I’m not special. Life came to me bearing no great fortune of intellect or pedigree. I was drawn to earth by the light of a moonbeam and crashed onto the shore with the full force of nature. Formed and informed by what was put in front of me. Just like everyone else.

I was not any particular brand of poor. Not destitute, not white trash. I was not born in a barn. My husband once asked what kind of name my surname is. My reply? American. That is the extent of what matters to me about my heritage. I know what I know and show what I show. It’s that simple.

People who have great anthologies of the heroes and villains of their ancestry are interesting to me. Connecting to the past through their stories of desperation and determination strengthens us all to give this life everything we’ve got.

I know a man who can weave a story about his family being bootleggers as if they were royalty. He is not one bit embarrassed about them making moonshine, outrunning the law or being skinny and barefoot most of his life. I know a woman who had her children taken away by the state. She worried herself to death not knowing if they were safe or hungry. Before she died, she made sure someone wrote down their given names in case anyone ever took the time to find out what happened to them. I know families who worked in fields owned by someone else to make enough to pay the light bill. They ate peas and cornbread for dinner almost every night and never said a cross word to anyone.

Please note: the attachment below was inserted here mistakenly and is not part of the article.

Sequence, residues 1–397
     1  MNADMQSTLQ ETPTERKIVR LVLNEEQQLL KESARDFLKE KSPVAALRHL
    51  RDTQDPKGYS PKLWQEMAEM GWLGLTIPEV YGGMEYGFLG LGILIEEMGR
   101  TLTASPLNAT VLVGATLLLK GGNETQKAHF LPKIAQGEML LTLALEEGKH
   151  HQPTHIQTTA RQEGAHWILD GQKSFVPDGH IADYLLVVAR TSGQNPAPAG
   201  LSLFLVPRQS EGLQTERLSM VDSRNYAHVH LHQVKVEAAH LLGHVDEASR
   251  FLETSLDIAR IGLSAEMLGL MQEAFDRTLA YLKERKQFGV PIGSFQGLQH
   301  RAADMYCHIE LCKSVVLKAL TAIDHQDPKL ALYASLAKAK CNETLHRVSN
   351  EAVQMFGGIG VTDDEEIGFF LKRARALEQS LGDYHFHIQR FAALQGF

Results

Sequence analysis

I know boredom and blind luck. I know the fearless and careless. I know the oblivious, who damaged people they brought into this life and the courageous whose sheer will to do better made all the difference. There is much I do not know, more I will never know, and I’m okay with that because I know this life is a gift. It is ephemeral and it is now what it always has been, whatever we choose to make of it.

My husband says, “I love who you are,” and I provoke him with, “What does that mean? I don’t know what that means. You love who I am? Who am I?”

He says with a smile, “You’re American.”

14 thoughts on “Raised By Wolves

  1. Impower You says:

    You are what you are. I love the title. When I was a child one of my mom’s friends insisted I must have been raised by wolves before she had me. So there is my ancestral line for you.

  2. Some of the toughest, smartest, most wonderful people I know in this country are from “humble” beginnings, whatever that means. My family doesn’t have any bootleggers or pirates or anything, although my grandfather almost got deported before he even arrived in the US–he was in a stiletto fight with another passenger on the ship en route from Sicily to New York. I’ve managed to trace back my lineage to early 19th-century Sicily and Ireland, but don’t know as many stories about my family as I’d like. We’re all originals, though, aren’t we. A lot of people around the world aren’t especially fond of us Americans, but I still think we’re an interesting and earnest bunch.